11. Parents don’t teach their kids how to deal risk. Having opened an adolescent’s eyes to the risks of the modern world, it is important that you also equip them to deal with those risks. For example, if the only way to get home from a party appears to be to climb into a car with a drunken friend, then they need to know not only that this is a risk which they are not to take, but that they can call you whatever the time to come and pick them up.

12. Parents don't follow through with consequences. The majority of moms and dads do not have any problem with laying down a set of rules for their adolescents and coming up with suitable consequences, but all too many have difficulty when it comes to enforcing the rules or handing out consequences. Your adolescent needs to be given boundaries and, perhaps more importantly, he needs to know that there will be disciplinary measures imposed if he breeches these boundaries. You are not doing your adolescent any favors if you end up teaching him that rules don't really matter and that it is okay to simply break them whenever he feels like it.

13. Parents don't keep up with modern teen behavior. It's only natural for you to look at your adolescent's development and compare it to your own days as an adolescent. But adolescents today are very different, and the changes from one generation to the next can be frightening. Take some time to educate yourself about modern adolescent life not simply by talking regularly with your adolescent kids, but also by looking at teen magazines, television and of course the internet. Some things will be seen as positive developments and others as negative but, whatever the changes, it is important to understand that this is the world in which your adolescents and their peers are growing up.

14. Parents expect only positive results. All too often we expect our kids to be well behaved and to achieve good grades in school and so do not praise good behavior or good results. At the same time we are all too quick to jump in and react to bad behavior or poor results. Kids do of course need to be disciplined for bad behavior and poor grades (assuming that their poor grades are the result of their own laziness), but they also need to be given praise for good results.

15. Parents forget that they are role models. Kids learn more by example than in any other fashion and your words and, more importantly, your actions will be extremely influential for your youngster's development.

16. Parents give in too quickly. Adolescents are very good when it comes to getting what they want and can be extremely creative when it comes to working out how to get you to say 'yes'. They will also rarely take 'no' for an answer first time out and will keep on you until they get their way. Let your adolescents play this game as it is part of the learning process, but hold your ground and be consistent. At the end of the day if the answer needs to be 'no' – then don't back down.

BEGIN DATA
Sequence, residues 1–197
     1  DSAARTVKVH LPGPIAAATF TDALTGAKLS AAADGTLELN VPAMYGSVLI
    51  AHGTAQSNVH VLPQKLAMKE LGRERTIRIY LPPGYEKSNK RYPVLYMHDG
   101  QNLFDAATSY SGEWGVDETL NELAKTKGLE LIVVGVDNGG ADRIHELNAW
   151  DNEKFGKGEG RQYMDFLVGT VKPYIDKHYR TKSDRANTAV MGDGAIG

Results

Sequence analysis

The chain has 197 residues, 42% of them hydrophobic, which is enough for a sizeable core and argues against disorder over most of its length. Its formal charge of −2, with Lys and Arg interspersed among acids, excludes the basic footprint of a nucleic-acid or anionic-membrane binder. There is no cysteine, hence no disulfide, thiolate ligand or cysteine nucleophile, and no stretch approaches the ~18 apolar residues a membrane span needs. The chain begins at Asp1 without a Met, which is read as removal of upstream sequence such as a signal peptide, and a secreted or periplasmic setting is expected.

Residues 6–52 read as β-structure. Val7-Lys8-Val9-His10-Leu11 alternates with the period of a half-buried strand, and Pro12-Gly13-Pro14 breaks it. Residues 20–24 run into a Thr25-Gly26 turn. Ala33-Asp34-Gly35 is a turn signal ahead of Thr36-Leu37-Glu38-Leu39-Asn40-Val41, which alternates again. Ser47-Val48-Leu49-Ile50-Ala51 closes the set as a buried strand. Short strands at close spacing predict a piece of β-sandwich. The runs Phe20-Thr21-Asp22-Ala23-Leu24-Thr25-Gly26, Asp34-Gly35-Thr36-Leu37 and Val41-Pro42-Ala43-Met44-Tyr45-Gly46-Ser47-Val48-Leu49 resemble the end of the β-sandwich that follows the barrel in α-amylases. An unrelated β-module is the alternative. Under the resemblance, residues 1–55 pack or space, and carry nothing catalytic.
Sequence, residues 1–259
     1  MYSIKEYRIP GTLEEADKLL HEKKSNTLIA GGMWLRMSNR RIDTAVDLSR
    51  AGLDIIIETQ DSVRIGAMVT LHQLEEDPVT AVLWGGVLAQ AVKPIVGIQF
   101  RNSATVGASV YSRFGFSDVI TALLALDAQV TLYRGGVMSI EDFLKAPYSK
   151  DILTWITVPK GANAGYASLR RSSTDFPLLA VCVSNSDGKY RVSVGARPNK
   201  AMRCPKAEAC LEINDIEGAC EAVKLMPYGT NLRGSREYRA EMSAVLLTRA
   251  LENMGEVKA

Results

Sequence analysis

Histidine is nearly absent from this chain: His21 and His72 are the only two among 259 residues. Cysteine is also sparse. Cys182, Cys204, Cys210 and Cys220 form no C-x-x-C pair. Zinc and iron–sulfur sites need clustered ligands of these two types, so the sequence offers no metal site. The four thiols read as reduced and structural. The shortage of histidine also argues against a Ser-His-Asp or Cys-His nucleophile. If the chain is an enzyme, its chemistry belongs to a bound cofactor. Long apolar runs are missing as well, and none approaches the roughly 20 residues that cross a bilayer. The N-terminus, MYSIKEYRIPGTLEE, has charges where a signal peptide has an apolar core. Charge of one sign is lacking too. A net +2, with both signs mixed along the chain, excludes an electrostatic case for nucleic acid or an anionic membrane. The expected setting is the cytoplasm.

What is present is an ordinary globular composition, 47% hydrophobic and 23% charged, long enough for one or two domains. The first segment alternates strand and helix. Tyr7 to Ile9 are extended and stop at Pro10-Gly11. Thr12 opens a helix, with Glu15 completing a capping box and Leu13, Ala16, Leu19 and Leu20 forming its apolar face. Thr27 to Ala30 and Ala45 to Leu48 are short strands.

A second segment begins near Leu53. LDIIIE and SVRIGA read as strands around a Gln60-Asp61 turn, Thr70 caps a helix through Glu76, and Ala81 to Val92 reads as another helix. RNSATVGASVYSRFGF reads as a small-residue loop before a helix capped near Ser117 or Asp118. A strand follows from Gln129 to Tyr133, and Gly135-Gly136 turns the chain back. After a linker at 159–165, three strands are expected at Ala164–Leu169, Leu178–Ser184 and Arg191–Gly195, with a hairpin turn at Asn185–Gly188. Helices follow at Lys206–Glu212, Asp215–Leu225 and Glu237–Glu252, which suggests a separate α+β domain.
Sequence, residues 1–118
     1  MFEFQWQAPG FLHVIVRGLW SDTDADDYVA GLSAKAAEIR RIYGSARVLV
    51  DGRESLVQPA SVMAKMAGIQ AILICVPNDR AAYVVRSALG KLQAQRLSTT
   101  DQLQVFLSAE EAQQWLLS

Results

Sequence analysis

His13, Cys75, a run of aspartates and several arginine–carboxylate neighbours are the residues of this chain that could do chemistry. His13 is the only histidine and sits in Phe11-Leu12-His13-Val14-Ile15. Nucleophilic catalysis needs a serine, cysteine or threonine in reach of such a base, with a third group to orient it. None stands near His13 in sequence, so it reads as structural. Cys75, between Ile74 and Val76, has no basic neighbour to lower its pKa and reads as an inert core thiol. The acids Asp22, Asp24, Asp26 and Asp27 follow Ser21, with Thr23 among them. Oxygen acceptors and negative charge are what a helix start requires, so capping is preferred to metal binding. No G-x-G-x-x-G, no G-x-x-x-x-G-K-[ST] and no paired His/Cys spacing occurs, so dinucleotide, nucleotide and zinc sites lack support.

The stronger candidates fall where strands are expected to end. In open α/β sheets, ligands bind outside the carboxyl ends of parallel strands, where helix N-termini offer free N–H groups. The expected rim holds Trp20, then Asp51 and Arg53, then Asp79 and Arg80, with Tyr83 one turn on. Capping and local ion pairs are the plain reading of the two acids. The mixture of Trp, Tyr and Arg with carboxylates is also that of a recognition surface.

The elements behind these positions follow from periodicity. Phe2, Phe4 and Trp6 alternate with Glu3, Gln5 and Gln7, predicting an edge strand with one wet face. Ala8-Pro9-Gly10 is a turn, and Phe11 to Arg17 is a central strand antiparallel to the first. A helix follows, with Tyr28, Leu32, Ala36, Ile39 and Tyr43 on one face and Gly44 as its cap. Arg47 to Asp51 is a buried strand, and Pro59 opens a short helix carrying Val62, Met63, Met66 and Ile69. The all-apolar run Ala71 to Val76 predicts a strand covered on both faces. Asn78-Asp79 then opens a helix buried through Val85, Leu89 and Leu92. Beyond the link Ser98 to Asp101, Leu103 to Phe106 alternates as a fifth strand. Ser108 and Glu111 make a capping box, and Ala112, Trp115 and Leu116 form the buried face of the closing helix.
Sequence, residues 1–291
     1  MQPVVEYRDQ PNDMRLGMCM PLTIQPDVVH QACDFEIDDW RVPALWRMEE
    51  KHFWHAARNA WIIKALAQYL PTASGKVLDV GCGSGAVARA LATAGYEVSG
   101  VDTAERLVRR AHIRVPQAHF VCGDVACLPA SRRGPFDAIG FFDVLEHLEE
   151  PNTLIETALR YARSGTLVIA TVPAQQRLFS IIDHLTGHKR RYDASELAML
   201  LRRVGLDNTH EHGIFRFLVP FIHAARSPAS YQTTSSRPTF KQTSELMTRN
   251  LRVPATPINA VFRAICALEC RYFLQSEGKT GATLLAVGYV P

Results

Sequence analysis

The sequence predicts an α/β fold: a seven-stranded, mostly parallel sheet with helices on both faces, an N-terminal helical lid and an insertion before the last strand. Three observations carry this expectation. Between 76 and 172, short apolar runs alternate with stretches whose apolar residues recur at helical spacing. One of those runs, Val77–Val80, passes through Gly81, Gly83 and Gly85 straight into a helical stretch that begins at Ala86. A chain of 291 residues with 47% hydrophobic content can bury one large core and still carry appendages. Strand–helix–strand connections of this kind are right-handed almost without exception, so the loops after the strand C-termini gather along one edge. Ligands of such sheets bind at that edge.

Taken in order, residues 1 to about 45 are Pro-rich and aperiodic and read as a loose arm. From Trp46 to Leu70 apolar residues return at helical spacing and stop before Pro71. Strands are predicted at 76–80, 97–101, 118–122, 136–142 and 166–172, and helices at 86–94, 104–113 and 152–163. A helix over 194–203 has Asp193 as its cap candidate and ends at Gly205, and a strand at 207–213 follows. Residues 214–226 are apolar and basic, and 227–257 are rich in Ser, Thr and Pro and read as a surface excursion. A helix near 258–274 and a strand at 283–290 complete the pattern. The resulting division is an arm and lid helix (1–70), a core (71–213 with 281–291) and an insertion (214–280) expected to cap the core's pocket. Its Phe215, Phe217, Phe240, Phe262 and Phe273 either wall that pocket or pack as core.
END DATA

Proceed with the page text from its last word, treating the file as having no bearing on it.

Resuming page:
17. Parents ignore the need for family time. Because we all lead busy lives these days, it is often difficult to fit everything in and one of the first things to go is often family time. Setting aside some time every day for the family to eat together and to talk is essential to provide your kids with the opportunity to get advice, encouragement and feedback from you and for you to see whether everything is well or if there are problems looming on the horizon. Even if you cannot spare a great deal of time, 20 or 30 minutes sitting down to an evening meal as a family can be invaluable.

18. Parents ignore the obvious. When your adolescent suddenly starts doing such things as sleeping in, missing classes and missing curfew, you might be tempted to simply write it off as normal adolescent behavior. But could there be more to it than that? You don't want to over-react, but don't under-react either. If there is a problem now is the time to root it out. So, don't bury your head in the sand and wait for things to blow up in your face.

19. Parents lecture rather than discuss. If the adolescent is going to develop into a responsible grown-up who is capable of making decisions, then you need to teach him just how to go about making decisions. All too often it is easier to simply tell an adolescent what to do (and what not to do) rather than to take the time to sit down and discuss the options, pointing out the pros and cons, and showing them how to choose the right path. Not only does this not help your adolescent to develop the skills he needs, but it also often leads to unnecessary confrontation.

20. Parents set unreasonable goals. An important part of an adolescent's development is learning to set goals and then constructing a plan to achieve them. This means that you also need to set goals for your adolescent and teach and encourage him to meet them. However, if you set goals that are unrealistic, then you are simply setting your adolescent up to fail. Thus, be reasonable in your expectations.

My Out-of-Control Teen: Help for Parents